Thanks to I am a Reader, Not a Writer for the preview
4 / 5 cupcakes

Have you ever wondered just how much ‘reality’ is in reality television?

That is one of the subjects broached, albeit tamely, in this sweet love story.

Taycee (I admit … that name gives me the shivers, and I kept wanting to call her Tracey) has lived in her small hometown forever, refusing to leave even after her parents’ deaths. Most of her friends moved on, including Jessa, her best friend who became a television producer. The person she misses the most, though, is Luke Carney, a man she has secretly loved since childhood.

But Shelter Springs is struggling, and Jessa has a plan to revive the town: have an online dating contest, in which Taycee is the prize. Since Taycee’s love for Shelter Springs knows no bounds, she agrees … reluctantly. Well, guess who returns home, just in time to get himself on the show? That’s right, Luke.

Yes, we all know where this is headed. And, yes, there is a strong chance that you will get sugar shock and need insulin relief.

But despite the sweetness of this book, there is an underlying melancholy, and that’s what attracted me to it. Taycee is darling, but she also suffers. Her parents are dead, her brother moved to the big city, and she can’t seem to get her bearings, even if she has remained in one place her whole life. She hates seeing Shelter Springs lose itself, so she allows herself to be a bachelorette in a contest, even if the idea fills her with self-loathing.

Then there is the lack of reality in this show. Taycee comes to especially despise the staging of her dates, frustrated with the voting public’s failure to see the truth behind the facade. It makes you wonder how much of what is purported to be ‘reality’ on television is fake. (I think we all know the answer to this, though, don’t we?)

Then there is Luke. Oh, how she has loved him and pined for him. Yet she believes he sees her as nothing more than his best friend’s little sister. Can she help him see that she is a grown woman with the desires of one?

Much seems perfect in Shelter Springs, sort of a Stars Hollow, Gilmore Girls kind of schtick. Fortunately, though, Taycee revives the sugar coma. The fact that Rachael Anderson crafted a multidimensional character such as Taycee makes this an enjoyable and, yes, sweet book to read.

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Sweet Laurel Falls

Sweet Laurel Falls
by RaeAnne Thayne
Published by Harlequin
384 pages
Genre: romance; chick list
Thanks to edelweiss for the preview
3.5 / 5 cupcakes

One thing is for certain: this book is very sweet. So sweet, in fact, that it might induce a diabetic coma.

Maura McKnight’s life at the moment is dark and sad. Her youngest daughter, Layla, passed away in a car accident, and her oldest daughter, Sage, is away at college. The girls have two different fathers; Layla’s is Maura’s ex-husband, and Sage’s is Maura’s first love, Jackson Lange. The two men have something in common other than Maura in that neither is around. Chris travels with his rock band, and Jackson bolted from their small Colorado hometown of Hope’s Crossing shortly after he graduated from high school.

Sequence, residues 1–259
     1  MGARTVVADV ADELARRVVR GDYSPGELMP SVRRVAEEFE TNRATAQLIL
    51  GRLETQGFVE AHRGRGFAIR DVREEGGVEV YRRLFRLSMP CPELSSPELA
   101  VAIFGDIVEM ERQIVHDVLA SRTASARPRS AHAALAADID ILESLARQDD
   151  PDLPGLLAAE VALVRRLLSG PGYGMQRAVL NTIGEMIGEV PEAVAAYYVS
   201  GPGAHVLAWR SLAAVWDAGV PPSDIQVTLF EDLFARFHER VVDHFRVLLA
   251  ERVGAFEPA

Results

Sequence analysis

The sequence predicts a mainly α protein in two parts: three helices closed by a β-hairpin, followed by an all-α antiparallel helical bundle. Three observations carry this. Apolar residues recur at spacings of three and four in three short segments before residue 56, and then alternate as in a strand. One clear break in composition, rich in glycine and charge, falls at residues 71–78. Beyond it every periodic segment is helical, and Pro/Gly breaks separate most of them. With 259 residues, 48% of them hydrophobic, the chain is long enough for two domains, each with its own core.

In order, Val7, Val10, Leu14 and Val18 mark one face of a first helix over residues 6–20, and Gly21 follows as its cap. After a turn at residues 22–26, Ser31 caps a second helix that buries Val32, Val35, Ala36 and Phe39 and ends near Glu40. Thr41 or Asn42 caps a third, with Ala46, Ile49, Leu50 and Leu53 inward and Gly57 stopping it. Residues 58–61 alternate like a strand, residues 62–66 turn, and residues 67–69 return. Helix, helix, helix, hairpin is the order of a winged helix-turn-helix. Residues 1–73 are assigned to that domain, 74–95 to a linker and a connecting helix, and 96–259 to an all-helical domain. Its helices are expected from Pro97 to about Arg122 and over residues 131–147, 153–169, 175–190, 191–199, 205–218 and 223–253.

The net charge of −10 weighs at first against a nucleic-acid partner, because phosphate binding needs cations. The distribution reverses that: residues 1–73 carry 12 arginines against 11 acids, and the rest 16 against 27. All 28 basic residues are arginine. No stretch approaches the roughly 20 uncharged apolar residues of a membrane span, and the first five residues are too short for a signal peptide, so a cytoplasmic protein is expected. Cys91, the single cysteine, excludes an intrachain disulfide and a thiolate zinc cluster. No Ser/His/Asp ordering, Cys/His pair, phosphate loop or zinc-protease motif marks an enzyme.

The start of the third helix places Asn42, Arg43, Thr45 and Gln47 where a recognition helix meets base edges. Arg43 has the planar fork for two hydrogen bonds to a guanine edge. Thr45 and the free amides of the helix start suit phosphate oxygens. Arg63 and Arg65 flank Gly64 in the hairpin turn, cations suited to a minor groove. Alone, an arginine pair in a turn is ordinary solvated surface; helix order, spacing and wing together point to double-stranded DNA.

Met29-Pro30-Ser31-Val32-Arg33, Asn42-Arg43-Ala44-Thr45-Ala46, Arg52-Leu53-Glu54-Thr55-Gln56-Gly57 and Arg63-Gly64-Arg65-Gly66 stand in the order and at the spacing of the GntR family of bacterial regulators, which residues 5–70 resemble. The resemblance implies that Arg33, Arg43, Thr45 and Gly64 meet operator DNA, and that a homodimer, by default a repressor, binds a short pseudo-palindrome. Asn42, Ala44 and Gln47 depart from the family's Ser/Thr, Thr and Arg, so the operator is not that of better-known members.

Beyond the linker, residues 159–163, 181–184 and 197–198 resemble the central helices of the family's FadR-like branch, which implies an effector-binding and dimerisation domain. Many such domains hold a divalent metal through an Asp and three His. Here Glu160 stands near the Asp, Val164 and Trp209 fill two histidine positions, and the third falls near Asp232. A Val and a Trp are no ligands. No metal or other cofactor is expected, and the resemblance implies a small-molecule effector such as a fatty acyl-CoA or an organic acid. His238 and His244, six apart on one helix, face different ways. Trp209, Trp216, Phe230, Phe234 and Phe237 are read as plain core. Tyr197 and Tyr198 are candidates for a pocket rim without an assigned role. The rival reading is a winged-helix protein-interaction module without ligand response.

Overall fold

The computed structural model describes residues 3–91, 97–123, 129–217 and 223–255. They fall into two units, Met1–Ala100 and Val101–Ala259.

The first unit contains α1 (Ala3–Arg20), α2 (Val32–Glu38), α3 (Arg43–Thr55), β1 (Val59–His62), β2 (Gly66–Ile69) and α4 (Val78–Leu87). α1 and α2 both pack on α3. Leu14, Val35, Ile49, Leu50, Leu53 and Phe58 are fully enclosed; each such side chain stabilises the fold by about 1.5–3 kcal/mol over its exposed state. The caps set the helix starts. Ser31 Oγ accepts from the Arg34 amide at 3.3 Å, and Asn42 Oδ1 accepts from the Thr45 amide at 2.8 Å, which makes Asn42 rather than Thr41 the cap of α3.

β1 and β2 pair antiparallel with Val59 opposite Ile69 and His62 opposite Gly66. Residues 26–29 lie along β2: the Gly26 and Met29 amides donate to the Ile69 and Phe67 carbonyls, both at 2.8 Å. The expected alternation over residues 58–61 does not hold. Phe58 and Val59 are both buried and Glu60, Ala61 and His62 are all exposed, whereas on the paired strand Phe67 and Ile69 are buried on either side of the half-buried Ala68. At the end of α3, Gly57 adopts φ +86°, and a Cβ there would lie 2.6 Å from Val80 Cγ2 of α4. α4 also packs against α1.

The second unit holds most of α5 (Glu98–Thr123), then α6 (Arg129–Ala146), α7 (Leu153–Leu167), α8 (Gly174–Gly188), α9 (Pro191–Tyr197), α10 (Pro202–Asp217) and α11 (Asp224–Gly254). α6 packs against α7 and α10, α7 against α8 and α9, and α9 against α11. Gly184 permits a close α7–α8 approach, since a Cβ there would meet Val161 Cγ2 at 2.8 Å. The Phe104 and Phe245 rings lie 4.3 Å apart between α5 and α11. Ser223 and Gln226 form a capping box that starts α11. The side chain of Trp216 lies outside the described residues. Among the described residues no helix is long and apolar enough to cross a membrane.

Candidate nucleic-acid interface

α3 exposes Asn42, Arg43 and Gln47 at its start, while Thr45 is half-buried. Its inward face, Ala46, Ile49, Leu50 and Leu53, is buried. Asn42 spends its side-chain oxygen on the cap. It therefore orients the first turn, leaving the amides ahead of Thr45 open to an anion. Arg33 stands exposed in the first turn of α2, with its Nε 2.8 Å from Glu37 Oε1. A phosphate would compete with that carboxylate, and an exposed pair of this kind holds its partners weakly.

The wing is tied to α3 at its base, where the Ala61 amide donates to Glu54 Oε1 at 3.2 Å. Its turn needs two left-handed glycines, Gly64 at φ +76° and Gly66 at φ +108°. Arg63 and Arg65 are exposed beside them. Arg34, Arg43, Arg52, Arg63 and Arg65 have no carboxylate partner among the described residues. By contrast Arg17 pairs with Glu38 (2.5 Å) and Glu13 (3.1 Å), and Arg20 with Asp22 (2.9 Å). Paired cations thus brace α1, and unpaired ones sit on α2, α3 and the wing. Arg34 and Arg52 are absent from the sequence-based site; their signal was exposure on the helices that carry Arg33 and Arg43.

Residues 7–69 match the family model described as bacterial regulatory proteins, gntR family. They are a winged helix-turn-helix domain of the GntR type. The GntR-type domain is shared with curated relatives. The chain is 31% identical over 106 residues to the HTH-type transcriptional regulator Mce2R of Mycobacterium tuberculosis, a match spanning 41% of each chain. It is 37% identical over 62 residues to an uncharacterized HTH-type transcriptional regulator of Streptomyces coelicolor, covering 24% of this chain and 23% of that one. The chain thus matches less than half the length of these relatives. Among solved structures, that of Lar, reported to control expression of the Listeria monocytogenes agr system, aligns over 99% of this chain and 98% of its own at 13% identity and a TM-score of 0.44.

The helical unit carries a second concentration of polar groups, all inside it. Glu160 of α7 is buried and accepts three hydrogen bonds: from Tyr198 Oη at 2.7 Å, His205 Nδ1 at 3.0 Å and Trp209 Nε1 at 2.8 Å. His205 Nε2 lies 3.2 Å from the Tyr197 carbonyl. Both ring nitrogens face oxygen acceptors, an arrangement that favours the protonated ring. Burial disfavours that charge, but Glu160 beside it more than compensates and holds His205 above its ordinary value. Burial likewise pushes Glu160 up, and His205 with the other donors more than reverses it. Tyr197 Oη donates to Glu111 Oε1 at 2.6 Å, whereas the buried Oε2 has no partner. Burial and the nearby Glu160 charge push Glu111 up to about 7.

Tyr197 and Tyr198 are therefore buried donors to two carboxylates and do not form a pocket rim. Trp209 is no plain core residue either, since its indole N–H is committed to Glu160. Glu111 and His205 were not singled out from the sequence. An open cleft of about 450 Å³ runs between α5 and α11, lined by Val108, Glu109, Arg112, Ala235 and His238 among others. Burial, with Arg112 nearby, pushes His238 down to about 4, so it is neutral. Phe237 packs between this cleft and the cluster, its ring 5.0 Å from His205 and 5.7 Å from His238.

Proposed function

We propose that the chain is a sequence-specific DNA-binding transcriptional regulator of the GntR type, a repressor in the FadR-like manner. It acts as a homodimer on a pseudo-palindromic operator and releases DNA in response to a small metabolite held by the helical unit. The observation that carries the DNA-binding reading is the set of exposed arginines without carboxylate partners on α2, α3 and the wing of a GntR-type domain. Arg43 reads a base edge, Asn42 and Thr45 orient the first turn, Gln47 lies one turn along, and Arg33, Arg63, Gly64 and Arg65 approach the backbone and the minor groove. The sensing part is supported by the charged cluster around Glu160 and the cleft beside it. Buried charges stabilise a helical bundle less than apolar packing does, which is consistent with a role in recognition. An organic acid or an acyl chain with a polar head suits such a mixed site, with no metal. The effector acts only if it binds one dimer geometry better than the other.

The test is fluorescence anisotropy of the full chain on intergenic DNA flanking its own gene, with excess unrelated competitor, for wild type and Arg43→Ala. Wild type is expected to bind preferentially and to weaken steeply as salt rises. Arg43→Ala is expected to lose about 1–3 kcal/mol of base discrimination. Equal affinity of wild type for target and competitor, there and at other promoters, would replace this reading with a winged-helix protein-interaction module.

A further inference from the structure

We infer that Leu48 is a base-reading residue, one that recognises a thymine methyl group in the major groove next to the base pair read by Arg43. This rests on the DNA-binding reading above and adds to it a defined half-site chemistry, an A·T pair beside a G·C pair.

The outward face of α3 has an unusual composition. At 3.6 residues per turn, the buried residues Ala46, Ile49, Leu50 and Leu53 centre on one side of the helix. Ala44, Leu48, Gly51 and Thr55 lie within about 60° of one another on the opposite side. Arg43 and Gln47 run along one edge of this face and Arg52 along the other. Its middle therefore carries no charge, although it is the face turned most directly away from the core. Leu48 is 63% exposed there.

Jackson left more than Maura behind. She was pregnant, but did not know it when he went away. She tried to get in touch with him, but he didn’t return her calls. Over the twenty ensuing years, Maura has gotten accustomed to life without Jackson, believing he will never return.

But he does show up … as a visiting speaker to one of Sage’s college classes. The two have a chat, and in the course of their conversation discover that they share some DNA. Neither is happy with Maura’s refusal to disclose Jackson’s parentage, but when Jackson returns to town, he manages to forget his ire when he comes face to face with Maura. Old attraction, it appears, does not die, it just lies in wait for a reunion.

The two must come to terms with their lingering love for each other, and Jackson has some fences to mend with his cranky old father. Sage is a soothing restorative, but she has secrets of her own and needs her parents to help her find solution and solace.

The romance between Maura and Jackson unfolds slowly, as they come to rediscover their feelings for each other. This is very much a G-rated romance, so no fear of any hot headboard rocking. Even the kissing scenes are chaste.

Fortunately, what saves this from complete sugar overload are Maura and Jackson. These are two flawed adults. She is too raw with hurt over Layla’s death, fear over possibly losing Sage to Jackson, and heartbroken over Jackson leaving in the first place. He, on the other hand, is angry with her for not disclosing that he is a father, and he’s also bitter over his father’s past manipulation. They have to get past those barriers before they can come together.

The setting is as much a character as the humans, and just as charming. You will find yourself wanting to visit this tiny ski village in hopes of dining at the cafes and visiting Maura’s bookstore. RaeAnne Thayne does an excellent job of showing us Hope’s Crossing and its effect on its residents.

Thayne tells the story slowly (sometimes too slowly) and gently, if not occasionally repetitively. I felt like I read the same scene more than once, and the “shocking news” that Sage delivers is not all that shocking. As a means to bring Jackson’s father closer to his family, it works, if not predictably so.

Sweet and gentle: that’s the best summary of this book I can give.